An update on a previous post: In Pennsylvania, Republicans denounced Attorney General Kathleen Kane on Thursday after she announced that she would not defend the state's ban on gay marriage - a declaration celebrated by activists as "an earthquake moment." At a raucous news conference at the National Constitution Center, Kane said, "We are the land of the free and the home of the brave, and I want to start acting like that." Her proclamation brought dozens of supporters of same sex marriage to their feet. But Republicans in Harrisburg weren't cheering, reports the Philadelphia Inquirer. "What law will she ignore next?" wondered state GOP Chairman Rob Gleason, who called it unacceptable for the Democratic attorney general "to put her personal politics ahead of her taxpayer-funded job by abdicating her responsibilities." One legal expert said Kane's stance put her in a gray area. "It's not her job to substitute her judgment [on the law's constitutionality] for that of the courts," said Bruce Ledewitz, a Duquesne University law professor, "And though I don't like the law, that is our law. And she is not serving the people of Pennsylvania by not defending it." State law says the attorney general must defend Pennsylvania laws, but can ask lawyers for the governor's office or executive-branch agencies to step in if that is in the state's best interest. Gov. Corbett, a Republican who opposes same sex marriage, had no immediate comment Thursday. Kane said she did not speak with him before announcing that she would not defend the ban against a lawsuit filed Tuesday by the American Civil Liberties Union. Corbett's general counsel, James Schultz, said the administration was surprised that Kane, "contrary to her constitutional duty," had decided "not to defend a Pennsylvania statute lawfully enacted by the General Assembly." The administration was awaiting formal notification of Kane's decision and an accompanying legal justification, he said. House Republicans sent Kane a letter quoting James Madison on the dangers of tyranny and essentially saying: Do your job. "There are any number of Pennsylvania statutes with which we may personally disagree," said the letter. "Nevertheless, we do not ignore them to suit our political preference." In Philadelphia, Kane described a continuum of civil rights laws that allowed women to vote, struck down segregation, and eliminated bans on interracial marriage. "I cannot ethically defend the constitutionality of Pennsylvania's version of DOMA," she said, referring to the Defense of Marriage Act. "I believe it to be wholly unconstitutional." The decision by the state's top law enforcement official may ultimately mean little in the court defense of the 1996 law. But it was heralded by activists and gay couples as a victory in the court of public opinion. "It's absolutely huge and emotionally powerful," said Molly Tack-Hooper, one of the lawyers in the ACLU suit. That suit, filed in federal court in Harrisburg by 10 gay couples and others who say their rights have been trampled, came less than two weeks after the U.S. Supreme Court struck down a federal law that defined marriage as being between a man and a woman, and amid national polls that show growing support for gay unions. Kane spoke on a crowded second-floor area of the Constitution Center, faced by television cameras, supporters, curious tourists, and a Boy Scout troop that was touring the center. "I'm speechless. That was great," said Dara Raspberry, there with her spouse, Helena Miller, and their 6-week-old baby, Zivah. The Philadelphia couple, married in Connecticut, is among the plaintiffs in the ACLU suit. State Rep. Brian Sims (D-Philadelphia), who last fall became the first openly gay candidate to win a seat in the legislature, posted on Twitter Thursday morning: "Attorney General Kathleen Kane, if you were a man I'd marry you!" He later wrote, "Marriage equality will happen in Pennsylvania, the only question remaining is 'when?” But State Rep. Daryl Metcalfe (R-Butler), one of the most vocal supporters of the ban, called Kane's decision "a political maneuver" and "a dereliction of duty." "She has a duty to defend the laws of the state, whether she agrees with them or not," said Metcalfe, chairman of the House State Government Committee. Metcalfe said he supported the ban because "throughout history, marriage has always been between one man and one woman, through multitudes of religions and multitudes of cultures." He said that if Kane "doesn't want to do her job, then she should resign and allow Gov. Corbett to appoint someone who understands the responsibilities and duties of that office." Montgomery County pastor Bill Devlin said Thursday night that he and other clergy across the state would soon press Kane with the question: What other laws will you not defend? "She swore an oath to uphold the constitution of Pennsylvania, which includes supporting laws she may personally disagree with," said Devlin, co-chair of a group called Right to Worship. "How dare she not stand up for the citizens of the Commonwealth who in a representative, democratic fashion have said we believe marriage is between a man and a woman?" Kane is named as a defendant in the ACLU suit, as is Corbett. With her withdrawal, the general counsel's office would be in charge of defending the state, Kane said. Philadelphia lawyer Mark A. Aronchick, whose firm is working with ACLU, called her stance "one of the most principled and professional actions I have ever seen from a public official." To hear the state's chief law enforcement officer basically agree with the plaintiffs was "an earthquake moment," he said. The suit seeks to prevent state officials from stopping gay couples from marrying. Lawyers in the case believe it could reach the U.S. Supreme Court, along with similar cases from elsewhere. Thirteen states and the District of Columbia have legalized gay marriage. New Jersey legislators approved a same sex marriage bill that Gov. Christie vetoed, saying the issue should be decided by referendum. Kane's announcement made national news. "We applaud Attorney General Kane for doing the right thing, standing up for equal justice under the law and fighting legally sanctioned discrimination in her state," said Matt Mittenthal, spokesman for New York state Attorney General Eric Schneiderman. On Thursday, Kane quoted Robert F. Kennedy, who in a famous 1966 speech in South Africa said that when a person stands up for an ideal, "he sends forth a tiny ripple of hope, and those ripples build a current which can sweep down the mightiest walls of oppression and resistance." That failed to resonate with Republicans. "She is blatantly politicizing the highest law enforcement office in our commonwealth," Gleason said, "at the expense of a core responsibility of the Attorney General's Office."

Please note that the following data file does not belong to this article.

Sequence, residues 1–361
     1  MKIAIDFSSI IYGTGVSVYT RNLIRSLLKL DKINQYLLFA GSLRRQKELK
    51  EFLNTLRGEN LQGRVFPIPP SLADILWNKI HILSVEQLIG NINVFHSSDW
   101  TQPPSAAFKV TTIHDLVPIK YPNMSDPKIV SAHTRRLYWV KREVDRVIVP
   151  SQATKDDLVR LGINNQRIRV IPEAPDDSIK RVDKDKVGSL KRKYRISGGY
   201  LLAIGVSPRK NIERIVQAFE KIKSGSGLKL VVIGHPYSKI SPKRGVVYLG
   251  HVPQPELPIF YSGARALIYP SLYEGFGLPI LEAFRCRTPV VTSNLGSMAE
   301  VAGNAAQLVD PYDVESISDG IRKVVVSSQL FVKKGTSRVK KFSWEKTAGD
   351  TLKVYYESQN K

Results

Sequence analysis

In the United States,CNN reports that activists are organizing the first national gay blood drive Friday in an effort to combat the Food and Drug Administration's ban on blood donations from gay and bisexual men. The FDA bans donations from men who have had sex with other men since 1977, saying there is an increased risk of exposure to and transmission of infectious diseases -- including HIV -- in male-to-male sexual encounters. "FDA uses multiple layers of safeguards in its approach to ensuring blood safety," the government agency's website says. The FDA screens all potential blood donors based on risk factors and signs of infections. Blood banks have been instructed to ask male donors if they have ever had sex with a man. If the potential donor responds "yes," he is instantly removed from the donor pool for life. The policy started in the 1980s when people didn't know how the deadly virus that causes AIDS spread. At the time, there wasn't a good test to detect whether HIV was present in donated blood, and HIV was getting into the nation's blood supply. Scientists also knew that a disproportionate number of gay men were affected by the virus. Ryan James Yezak, lead organizer of the blood drive, is making a documentary about discrimination based on sexual orientation. He said he wants to convey on a national level how much blood the gay community could potentially contribute to the blood supply if given a chance to donate. "This ban is medically unwarranted, and this drive is the only way we can motion for change," he said. "The gay community shouldn't be written off as diseased." Blood donations were down by 10% across the country in June, according to the American Red Cross, which received about 50,000 fewer donations than expected. The ban is not discriminatory or based on any judgment concerning a donor's sexual orientation, according to the FDA. The policy statement is based on the documented increased risk of transmissible infections. The American Medical Association voted in June to oppose the FDA ban. "The lifetime ban on blood donation for men who have sex with men is discriminatory and not based on sound science," said AMA board member Dr. William Kobler. The AMA is advocating for a new policy to ensure blood donation bans or deferrals are based on an individual's level of health risks instead of sexual orientation alone. Yezak is urging gay and bisexual men on Friday to visit designated blood donation centers, where a mobile HIV testing center will be located. He's asking the men to get tested, and if their HIV results are negative, to try and donate blood. The HIV test results will be collected and sent to the FDA to provide evidence of rejected willing and healthy donors in hopes of lifting the ban. The blood drive will run from noon ET (9:00 am PT) through 8:00 pm ET (5:00 pm PT) in 52 cities nationwide. The FDA has said it is willing to change its policy if new approaches can guarantee that blood recipients aren't subject to an increased risk of transmittable diseases. Yezak will use the results from the drive in his feature documentary, "Second Class Citizens."